NTSB Identification: WPR16LA021
HISTORY OF THE FLIGHT
On November 3, 2015, at 1130 Pacific standard time, an MD Helicopters 369D, N510PA, was substantially damaged during a forced landing following a loss of engine power near Sedro-Woolley, Washington. The commercial pilot, the sole occupant, was not injured. Olympic Air was operating the helicopter as a 14 Code of Federal Regulations Part 133 external load flight. Visual meteorological conditions prevailed, and no flight plan was filed. The pilot departed from Arlington Municipal Airport, Arlington, Washington, about 0700.
According to the pilot, he was conducting longline operations using a 50-foot line to gather cedar pieces. After completing work at an initial jobsite, he flew to the second jobsite. Between jobs, the helicopter was refueled. Before beginning the second job, a safety briefing was conducted. The pilot then completed about 30 to 40 slings and as he was positioning the helicopter to lift a load from a slope, the helicopter suddenly lost engine power and he entered an autorotation. The pilot attempted to land at the bottom of a hill because of the flat terrain, but the helicopter touched down on the slope and the tailboom impacted the side of a hill, followed by the skids. The helicopter came to rest on its right side. Prior to the loss of engine power, the pilot did not receive any warning lights during the flights.
TESTS AND RESEARCH
The National Transportation Safety Board investigator, the FAA representative, and representatives from MD Helicopters, Rolls-Royce, Boeing, and Olympic Air examined the helicopter following its recovery from the accident site.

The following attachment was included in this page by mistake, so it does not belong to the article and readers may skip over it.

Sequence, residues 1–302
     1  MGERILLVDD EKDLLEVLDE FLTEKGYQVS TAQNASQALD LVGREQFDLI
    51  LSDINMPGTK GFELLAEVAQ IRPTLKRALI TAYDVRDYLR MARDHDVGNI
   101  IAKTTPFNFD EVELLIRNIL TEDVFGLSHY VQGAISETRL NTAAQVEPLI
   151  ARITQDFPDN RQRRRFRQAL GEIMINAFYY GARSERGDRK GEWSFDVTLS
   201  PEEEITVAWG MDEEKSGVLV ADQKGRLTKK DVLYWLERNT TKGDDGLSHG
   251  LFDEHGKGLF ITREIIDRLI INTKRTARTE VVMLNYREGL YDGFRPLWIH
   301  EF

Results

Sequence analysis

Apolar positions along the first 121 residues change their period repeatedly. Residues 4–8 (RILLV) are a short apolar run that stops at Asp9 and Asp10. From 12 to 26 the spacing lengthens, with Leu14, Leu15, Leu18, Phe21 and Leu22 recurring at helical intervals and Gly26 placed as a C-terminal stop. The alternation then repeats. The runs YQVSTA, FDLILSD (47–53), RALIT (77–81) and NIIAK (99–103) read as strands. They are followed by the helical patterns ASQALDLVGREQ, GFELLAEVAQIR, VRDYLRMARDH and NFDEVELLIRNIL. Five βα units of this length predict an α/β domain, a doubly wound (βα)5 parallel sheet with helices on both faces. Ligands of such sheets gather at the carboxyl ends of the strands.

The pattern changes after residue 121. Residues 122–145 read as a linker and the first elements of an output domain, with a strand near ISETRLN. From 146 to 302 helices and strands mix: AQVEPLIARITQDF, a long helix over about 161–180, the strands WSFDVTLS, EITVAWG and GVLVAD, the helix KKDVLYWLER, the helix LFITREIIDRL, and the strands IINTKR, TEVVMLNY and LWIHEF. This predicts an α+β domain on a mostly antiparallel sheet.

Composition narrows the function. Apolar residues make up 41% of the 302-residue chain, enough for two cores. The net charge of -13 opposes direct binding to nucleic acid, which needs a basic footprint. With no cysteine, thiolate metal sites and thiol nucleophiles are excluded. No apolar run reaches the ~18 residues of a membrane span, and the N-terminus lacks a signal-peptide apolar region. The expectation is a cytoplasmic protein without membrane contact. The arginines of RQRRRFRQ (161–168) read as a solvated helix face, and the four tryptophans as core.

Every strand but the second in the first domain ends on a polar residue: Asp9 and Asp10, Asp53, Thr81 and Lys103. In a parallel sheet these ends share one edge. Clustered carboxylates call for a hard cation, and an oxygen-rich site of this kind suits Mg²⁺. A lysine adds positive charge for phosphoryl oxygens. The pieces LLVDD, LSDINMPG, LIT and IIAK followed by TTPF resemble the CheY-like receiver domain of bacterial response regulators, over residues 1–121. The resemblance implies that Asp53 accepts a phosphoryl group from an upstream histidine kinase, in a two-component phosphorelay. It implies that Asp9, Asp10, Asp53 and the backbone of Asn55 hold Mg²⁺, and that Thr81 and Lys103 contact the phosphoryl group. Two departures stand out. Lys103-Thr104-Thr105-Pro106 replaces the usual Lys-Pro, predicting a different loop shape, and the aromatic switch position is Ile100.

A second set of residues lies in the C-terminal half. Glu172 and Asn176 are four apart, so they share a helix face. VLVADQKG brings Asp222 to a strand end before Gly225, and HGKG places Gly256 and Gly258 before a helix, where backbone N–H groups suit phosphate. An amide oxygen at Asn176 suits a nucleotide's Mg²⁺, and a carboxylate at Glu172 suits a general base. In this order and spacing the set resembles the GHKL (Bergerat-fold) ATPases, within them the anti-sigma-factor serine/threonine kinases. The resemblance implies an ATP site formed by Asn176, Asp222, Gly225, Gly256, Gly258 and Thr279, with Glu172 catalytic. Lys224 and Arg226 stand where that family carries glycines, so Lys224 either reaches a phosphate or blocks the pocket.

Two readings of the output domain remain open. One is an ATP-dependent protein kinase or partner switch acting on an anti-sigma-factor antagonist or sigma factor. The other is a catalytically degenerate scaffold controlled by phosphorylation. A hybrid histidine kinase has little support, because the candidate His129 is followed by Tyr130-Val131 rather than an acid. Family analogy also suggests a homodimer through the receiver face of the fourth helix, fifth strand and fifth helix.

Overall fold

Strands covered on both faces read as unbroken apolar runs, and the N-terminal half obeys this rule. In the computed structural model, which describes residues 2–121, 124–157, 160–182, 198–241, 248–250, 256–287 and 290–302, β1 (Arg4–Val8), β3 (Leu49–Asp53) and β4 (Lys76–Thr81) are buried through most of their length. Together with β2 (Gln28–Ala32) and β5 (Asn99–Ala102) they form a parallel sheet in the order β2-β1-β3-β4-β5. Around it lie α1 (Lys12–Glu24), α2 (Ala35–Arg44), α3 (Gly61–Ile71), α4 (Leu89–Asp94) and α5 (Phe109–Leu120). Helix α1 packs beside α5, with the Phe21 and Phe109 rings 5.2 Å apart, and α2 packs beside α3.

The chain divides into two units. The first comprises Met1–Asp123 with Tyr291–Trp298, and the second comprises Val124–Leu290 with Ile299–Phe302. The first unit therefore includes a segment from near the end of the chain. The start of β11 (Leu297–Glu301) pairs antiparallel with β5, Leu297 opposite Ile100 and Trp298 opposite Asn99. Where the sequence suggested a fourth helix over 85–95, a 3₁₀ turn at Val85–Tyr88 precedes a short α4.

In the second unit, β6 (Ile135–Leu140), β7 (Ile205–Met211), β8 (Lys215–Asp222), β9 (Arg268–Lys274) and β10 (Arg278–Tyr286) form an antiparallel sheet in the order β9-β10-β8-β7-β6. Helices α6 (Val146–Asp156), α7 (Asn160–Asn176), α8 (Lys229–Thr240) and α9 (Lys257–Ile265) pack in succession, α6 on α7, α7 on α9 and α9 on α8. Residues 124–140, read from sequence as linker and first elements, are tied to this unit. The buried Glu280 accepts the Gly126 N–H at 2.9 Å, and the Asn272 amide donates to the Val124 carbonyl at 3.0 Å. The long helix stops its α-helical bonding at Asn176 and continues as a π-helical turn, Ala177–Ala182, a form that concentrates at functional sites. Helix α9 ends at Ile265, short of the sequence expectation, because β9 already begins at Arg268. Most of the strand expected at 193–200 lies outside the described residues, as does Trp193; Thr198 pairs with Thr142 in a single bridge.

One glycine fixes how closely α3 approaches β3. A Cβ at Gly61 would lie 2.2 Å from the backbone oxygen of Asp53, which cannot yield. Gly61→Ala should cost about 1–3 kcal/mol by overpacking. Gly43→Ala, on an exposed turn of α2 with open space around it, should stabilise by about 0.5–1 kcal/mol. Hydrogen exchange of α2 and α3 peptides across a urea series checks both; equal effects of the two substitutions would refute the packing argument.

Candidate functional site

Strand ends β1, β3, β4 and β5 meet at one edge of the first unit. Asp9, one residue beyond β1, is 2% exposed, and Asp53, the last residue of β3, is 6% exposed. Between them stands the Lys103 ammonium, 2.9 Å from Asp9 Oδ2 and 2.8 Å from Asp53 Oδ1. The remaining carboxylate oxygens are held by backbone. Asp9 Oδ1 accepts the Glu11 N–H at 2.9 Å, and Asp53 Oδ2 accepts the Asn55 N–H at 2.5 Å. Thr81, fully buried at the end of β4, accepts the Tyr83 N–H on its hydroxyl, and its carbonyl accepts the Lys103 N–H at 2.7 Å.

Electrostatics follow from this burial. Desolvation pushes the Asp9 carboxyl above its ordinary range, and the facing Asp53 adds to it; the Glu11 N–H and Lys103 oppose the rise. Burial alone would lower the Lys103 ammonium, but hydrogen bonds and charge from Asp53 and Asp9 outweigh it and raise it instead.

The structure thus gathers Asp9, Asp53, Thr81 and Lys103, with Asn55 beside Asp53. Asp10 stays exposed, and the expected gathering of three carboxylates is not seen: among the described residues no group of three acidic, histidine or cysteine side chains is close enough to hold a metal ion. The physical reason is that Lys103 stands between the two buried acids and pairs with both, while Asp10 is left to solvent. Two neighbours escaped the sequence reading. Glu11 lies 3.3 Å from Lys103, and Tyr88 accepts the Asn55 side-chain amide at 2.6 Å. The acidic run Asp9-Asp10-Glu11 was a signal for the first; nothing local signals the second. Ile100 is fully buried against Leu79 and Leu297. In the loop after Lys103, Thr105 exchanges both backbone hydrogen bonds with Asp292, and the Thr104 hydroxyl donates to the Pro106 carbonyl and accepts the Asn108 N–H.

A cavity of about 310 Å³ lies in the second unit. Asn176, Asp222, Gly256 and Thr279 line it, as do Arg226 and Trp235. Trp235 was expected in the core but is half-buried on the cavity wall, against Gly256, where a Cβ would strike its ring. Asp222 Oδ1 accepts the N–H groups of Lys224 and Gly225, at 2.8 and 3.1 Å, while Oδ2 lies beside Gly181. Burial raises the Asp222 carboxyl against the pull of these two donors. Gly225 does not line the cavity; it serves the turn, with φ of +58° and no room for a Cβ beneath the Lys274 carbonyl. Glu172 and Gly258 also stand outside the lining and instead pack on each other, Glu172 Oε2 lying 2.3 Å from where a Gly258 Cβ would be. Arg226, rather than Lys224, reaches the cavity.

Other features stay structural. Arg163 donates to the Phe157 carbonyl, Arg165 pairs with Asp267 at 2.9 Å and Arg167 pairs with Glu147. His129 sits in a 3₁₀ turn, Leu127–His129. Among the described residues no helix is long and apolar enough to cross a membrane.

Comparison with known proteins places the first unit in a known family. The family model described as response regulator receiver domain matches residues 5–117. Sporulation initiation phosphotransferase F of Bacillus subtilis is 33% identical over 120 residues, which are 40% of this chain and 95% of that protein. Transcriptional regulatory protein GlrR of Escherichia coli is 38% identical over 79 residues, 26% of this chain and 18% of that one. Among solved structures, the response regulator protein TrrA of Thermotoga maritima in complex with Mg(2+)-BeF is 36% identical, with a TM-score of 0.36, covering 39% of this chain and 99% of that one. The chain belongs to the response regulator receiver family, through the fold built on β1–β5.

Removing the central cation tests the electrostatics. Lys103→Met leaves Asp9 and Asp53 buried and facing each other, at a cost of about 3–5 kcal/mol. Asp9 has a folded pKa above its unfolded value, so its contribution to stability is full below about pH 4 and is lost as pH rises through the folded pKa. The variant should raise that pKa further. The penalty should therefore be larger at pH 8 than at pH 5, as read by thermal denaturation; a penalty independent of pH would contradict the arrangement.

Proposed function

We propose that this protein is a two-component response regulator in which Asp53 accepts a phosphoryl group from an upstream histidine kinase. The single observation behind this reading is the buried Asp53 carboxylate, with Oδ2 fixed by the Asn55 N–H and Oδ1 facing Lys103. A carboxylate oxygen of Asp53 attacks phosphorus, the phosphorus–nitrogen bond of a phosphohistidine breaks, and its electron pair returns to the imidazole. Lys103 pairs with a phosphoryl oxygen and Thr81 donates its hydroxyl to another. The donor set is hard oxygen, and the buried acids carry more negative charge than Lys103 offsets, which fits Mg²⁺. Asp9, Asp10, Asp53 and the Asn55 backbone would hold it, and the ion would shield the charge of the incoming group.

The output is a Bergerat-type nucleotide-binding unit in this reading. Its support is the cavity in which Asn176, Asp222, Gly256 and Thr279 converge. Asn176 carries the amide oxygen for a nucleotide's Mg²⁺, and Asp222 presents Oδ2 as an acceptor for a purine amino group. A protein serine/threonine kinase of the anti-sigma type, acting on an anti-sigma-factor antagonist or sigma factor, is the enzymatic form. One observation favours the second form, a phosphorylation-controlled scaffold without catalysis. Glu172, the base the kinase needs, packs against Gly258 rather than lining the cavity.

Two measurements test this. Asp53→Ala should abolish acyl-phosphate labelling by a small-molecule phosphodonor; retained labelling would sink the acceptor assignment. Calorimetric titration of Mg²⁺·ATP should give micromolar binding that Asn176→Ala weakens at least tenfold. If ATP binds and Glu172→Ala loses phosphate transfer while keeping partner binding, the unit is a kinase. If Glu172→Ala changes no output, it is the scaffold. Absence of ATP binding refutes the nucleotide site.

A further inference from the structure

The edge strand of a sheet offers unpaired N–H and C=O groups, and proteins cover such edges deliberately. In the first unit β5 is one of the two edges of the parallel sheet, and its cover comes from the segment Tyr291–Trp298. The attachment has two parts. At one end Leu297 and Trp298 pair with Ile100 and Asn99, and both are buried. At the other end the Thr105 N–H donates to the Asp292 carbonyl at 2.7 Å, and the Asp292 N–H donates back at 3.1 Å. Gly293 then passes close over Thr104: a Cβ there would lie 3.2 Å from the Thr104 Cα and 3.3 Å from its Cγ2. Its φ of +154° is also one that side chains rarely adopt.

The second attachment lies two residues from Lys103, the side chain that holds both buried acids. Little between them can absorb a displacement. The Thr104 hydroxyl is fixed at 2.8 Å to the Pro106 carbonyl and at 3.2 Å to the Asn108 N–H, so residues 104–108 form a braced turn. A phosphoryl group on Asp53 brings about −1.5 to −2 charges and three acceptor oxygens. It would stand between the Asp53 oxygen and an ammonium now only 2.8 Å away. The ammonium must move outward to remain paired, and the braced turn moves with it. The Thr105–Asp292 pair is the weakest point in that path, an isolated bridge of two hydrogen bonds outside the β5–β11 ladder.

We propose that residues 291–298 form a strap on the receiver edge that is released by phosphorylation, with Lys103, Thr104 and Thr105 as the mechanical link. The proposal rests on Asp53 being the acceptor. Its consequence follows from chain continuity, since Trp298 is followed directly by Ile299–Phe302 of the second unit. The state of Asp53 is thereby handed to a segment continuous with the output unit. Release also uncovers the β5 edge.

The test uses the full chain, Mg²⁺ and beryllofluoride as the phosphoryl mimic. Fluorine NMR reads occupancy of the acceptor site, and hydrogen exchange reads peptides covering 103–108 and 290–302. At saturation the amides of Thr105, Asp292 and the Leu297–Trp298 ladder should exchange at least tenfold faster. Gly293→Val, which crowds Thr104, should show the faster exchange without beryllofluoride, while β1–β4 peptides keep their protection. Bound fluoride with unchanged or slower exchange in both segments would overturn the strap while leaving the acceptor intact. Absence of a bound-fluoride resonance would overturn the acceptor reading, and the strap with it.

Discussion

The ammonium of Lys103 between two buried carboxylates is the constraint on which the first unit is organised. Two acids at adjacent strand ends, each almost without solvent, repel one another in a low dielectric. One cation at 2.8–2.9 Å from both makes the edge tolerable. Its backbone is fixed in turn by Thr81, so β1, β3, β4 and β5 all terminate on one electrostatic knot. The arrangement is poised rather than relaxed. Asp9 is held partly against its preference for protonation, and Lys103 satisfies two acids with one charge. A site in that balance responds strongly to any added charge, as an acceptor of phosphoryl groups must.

Examination of the airframe and engine revealed contaminants throughout the fuel system, including the engine fuel filter. All warning lights functioned normally. Removal of the start pump showed the fuel bypass valve inlet port screen(the port used when the start pump is off) was covered with a brown, sponge-like debris (normal operation is with the start pump off except when using alternate fuel mixtures or emergency fuels). When the start pump is not in use, fuel passes through the fuel bypass valve inlet port screen. The debris was submitted to the NTSB Materials Laboratory for testing and identification.
The debris from the fuel bypass valve inlet port screen was examined using Fourier-transform infrared spectroscopy (FTIR) with a diamond attenuated total reflectance (ATR) accessory in accordance to ASTM E1252-98 (American Society for Testing Materials E1252-98: Standard Practice for General Techniques for Obtaining Infrared Spectra for Qualitative Analysis and American Society for Testing Materials). The debris was then examined by scanning electron microscope (SEM) and quantitative energy dispersive x-ray spectroscopy (EDS) in accordance with ASTM E15081. The FTIR and EDS examinations indicated that the unknown material was consistent with potassium naphthenate, a surfactant.
On January 12, 2016, the start pump was examined and tested at Globe Motors Inc. in Dothan, Alabama. The start pump was tested on a test bench with the contaminant in place. The electrically driven centrifugal fuel pump was tested in the non-powered and powered state, the pump demonstrated intermittent fuel flow from the discharge port; the pressure drop was erratic, and did not meet the defined performance parameters. The contamination was removed from the fuel bypass valve inlet port screen, and the start pump was retested. In the powered state, the fuel flow was intermittent and did not meet defined performance parameters. Disassembly of the start pump revealed debris internal to the pump and centrifugal impeller.
According to the operator, the company first identified fuel contamination in a company helicopter engine fuel filter on October 7, 2015. The operator reported that samples were retrieved from every refueling vehicle in its ground fleet, and some growth was noticed in a vehicle fuel tank, but not in the filters. All fuel sources were then treated with Biobor, a micro-biocide used in fuel to destroy microbial growth. This fuel was then supplied to company helicopters. For several years, the operator had been changing the engine fuel pump filter every 100 hours instead of the prescribed 300 hours due to contaminants.